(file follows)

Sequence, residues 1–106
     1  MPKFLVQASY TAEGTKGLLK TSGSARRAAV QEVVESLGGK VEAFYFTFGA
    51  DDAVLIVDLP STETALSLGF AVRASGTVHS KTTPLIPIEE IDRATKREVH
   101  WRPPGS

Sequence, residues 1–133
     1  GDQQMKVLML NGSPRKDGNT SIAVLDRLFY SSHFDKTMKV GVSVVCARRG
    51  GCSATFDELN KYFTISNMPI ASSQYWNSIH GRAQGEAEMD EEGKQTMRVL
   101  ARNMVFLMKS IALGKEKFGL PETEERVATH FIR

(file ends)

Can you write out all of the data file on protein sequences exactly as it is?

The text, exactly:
Sequence, residues 1–106
     1  MPKFLVQASY TAEGTKGLLK TSGSARRAAV QEVVESLGGK VEAFYFTFGA
    51  DDAVLIVDLP STETALSLGF AVRASGTVHS KTTPLIPIEE IDRATKREVH
   101  WRPPGS

Sequence, residues 1–133
     1  GDQQMKVLML NGSPRKDGNT SIAVLDRLFY SSHFDKTMKV GVSVVCARRG
    51  GCSATFDELN KYFTISNMPI ASSQYWNSIH GRAQGEAEMD EEGKQTMRVL
   101  ARNMVFLMKS IALGKEKFGL PETEERVATH FIR